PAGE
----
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Kenya

Kenya

Finance: Kenya panic at cut project guarantees

KENYA: The Kenyan government has withdrawn guarantees for large renewable projects, triggering panic among developers who had hoped to use the securities to unblock an estimated $1.6 billion energy investment fund pipeline including 400MW of wind.

The withdrawal in late October follows the Central Bank of Kenya's (CBK) rejection of a proposal by the country's cabinet, chaired by President Mwai Kibaki, to have the bank release $209 million from Kenya's foreign-exchange reserves to a third-party escrow account that had been set up by the government after lengthy negotiations with energy project developers.

Credit

The money would enable the country's main power purchaser and distributor, Kenya Power and Lighting Company - in which the government has a major stake - to issue letters of credit to independent power producers whose projects have been delayed for lack of financing. Such projects include the 300MW Lake Turkana wind power project (LTWP) and the 100MW Kinangop Wind, as well as some diesel and geothermal projects. Kenya's current installed wind capacity stands at 5MW.

CBK governor professor Njuguna Ndung'u says that releasing $209 million from foreign-exchange reserves would put pressure on the exchange rate.

Withdrawal of the guarantees will further delay at least five independent power-producer projects with a combined capacity of 600MW, says permanent secretary for energy Patrick Nyoike.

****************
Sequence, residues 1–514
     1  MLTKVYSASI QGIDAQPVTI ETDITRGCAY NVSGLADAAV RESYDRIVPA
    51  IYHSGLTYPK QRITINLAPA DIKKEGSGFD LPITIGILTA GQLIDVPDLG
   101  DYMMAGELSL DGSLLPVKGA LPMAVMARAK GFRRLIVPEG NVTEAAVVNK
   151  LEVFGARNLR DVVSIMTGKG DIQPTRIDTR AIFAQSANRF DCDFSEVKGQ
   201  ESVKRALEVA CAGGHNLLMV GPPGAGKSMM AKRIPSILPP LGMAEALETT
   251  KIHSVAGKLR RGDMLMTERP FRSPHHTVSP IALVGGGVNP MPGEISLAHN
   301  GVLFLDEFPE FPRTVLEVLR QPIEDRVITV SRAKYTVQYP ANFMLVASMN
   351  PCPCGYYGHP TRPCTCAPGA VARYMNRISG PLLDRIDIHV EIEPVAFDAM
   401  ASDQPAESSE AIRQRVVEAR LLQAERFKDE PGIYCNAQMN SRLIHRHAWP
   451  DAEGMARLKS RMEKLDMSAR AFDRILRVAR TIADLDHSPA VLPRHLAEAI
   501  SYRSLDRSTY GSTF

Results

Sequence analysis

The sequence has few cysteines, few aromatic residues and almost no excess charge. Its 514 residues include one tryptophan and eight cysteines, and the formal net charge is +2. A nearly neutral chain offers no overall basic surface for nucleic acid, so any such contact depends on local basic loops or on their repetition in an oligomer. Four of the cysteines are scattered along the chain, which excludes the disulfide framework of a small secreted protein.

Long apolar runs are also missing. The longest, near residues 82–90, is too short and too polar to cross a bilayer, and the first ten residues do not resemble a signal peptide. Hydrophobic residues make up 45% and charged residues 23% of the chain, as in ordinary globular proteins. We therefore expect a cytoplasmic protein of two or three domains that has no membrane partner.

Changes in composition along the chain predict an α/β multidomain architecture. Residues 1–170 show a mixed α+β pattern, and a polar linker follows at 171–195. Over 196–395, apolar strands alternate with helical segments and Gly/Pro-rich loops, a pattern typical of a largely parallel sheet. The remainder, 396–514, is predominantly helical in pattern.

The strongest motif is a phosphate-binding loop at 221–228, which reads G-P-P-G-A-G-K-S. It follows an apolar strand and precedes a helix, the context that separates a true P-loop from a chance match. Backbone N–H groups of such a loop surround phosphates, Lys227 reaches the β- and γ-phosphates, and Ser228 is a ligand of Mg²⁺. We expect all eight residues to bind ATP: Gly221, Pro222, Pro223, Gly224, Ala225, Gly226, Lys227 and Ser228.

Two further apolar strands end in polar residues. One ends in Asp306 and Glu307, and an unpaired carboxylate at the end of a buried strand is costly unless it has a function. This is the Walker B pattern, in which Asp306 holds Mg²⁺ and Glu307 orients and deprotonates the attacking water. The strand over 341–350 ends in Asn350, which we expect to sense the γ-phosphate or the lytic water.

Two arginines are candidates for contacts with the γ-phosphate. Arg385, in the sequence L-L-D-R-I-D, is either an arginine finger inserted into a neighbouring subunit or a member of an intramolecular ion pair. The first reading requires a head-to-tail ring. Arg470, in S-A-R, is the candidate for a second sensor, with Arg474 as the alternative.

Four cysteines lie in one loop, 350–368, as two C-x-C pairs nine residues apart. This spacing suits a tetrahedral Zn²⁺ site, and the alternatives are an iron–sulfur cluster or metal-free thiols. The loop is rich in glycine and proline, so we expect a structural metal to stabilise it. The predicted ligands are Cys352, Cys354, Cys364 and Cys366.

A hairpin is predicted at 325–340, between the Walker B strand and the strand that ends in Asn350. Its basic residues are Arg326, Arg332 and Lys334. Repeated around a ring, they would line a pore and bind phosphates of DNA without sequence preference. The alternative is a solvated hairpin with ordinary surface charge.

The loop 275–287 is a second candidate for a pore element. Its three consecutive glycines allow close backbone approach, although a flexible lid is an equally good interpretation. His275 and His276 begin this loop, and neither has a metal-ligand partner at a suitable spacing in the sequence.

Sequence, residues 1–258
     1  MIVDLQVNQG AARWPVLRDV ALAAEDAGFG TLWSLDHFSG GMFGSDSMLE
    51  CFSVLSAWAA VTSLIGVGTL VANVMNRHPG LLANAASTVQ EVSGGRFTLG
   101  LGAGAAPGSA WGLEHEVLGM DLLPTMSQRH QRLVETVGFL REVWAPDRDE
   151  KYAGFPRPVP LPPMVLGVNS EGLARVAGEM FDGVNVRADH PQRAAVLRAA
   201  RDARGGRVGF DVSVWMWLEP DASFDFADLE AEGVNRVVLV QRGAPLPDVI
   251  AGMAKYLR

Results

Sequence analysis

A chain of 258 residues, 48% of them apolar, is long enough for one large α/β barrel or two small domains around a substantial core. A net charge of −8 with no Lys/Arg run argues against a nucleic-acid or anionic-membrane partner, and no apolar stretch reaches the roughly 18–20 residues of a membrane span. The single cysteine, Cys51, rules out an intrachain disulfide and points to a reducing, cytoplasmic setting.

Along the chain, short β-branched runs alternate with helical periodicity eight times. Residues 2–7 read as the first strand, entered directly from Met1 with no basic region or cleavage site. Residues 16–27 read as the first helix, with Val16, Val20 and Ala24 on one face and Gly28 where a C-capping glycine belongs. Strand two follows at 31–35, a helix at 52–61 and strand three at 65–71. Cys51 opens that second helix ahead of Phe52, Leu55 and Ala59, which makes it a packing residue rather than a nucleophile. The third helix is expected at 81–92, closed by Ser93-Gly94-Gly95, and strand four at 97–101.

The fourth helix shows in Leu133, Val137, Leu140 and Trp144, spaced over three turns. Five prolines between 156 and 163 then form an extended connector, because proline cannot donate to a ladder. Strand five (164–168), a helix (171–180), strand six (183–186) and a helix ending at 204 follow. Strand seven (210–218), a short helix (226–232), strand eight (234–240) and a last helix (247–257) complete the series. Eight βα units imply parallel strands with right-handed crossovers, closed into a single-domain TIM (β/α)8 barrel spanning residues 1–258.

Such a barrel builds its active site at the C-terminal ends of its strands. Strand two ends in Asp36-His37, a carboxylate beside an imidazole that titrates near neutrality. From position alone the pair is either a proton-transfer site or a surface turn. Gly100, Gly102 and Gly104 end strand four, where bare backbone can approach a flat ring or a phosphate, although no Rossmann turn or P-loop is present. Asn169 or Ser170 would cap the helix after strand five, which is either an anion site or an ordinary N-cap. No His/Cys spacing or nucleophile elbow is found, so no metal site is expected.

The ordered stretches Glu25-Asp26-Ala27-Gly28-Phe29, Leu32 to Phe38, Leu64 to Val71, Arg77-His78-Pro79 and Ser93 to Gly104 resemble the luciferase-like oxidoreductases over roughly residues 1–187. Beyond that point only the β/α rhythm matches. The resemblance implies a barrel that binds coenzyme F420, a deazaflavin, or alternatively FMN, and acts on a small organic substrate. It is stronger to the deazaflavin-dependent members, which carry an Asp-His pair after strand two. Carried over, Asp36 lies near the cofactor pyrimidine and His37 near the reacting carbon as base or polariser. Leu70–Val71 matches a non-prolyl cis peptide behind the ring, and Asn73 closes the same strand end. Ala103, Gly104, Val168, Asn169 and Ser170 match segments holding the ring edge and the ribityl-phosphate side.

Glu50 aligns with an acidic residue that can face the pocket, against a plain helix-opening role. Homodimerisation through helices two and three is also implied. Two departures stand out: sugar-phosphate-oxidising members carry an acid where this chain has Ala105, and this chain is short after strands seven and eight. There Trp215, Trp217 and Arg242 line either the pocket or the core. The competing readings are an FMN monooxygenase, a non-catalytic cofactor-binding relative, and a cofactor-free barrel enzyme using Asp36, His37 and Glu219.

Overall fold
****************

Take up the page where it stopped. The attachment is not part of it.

The decision comes four months after the International Monetary Fund (IMF), leading project financiers in Kenya, expressed reservations on the approval of sovereign guarantees for the projects.

Before the CBK withdrew funds, both the ministries of energy and finance had failed to work out a formula for restructuring the guarantees, with the latter pushing for partial guarantees to jump-start the projects.

The bank's position bolstered that of the IMF, which has argued against providing sovereign guarantees for large energy projects in Kenya on grounds that it would increase the country's external debt, which stood at $6.7 billion in April.

The IMF says that additional debt will weaken Kenya's credit rating. "Higher reliance on foreign direct investment flows - especially in the form of debt and corporate borrowing from abroad to finance the private-sector initiatives - could, together with public sector financing, worsen the overall debt dynamics," it says.

However, the energy ministry says there is currently no link between Kenya backing independent power producers and the country's position in the debt market. "The target is to maintain a 40% ratio of debt to Gross Domestic Product. The guarantees only amount to contingent liabilities to government rather than actual debt," Nyoike says. "We are looking at all options, including partial risk guarantees."

LTWP chairman Carlo Van Wangenigen says the IMF's position has swayed the government to rethink its commitment to securing guarantees for the energy projects.

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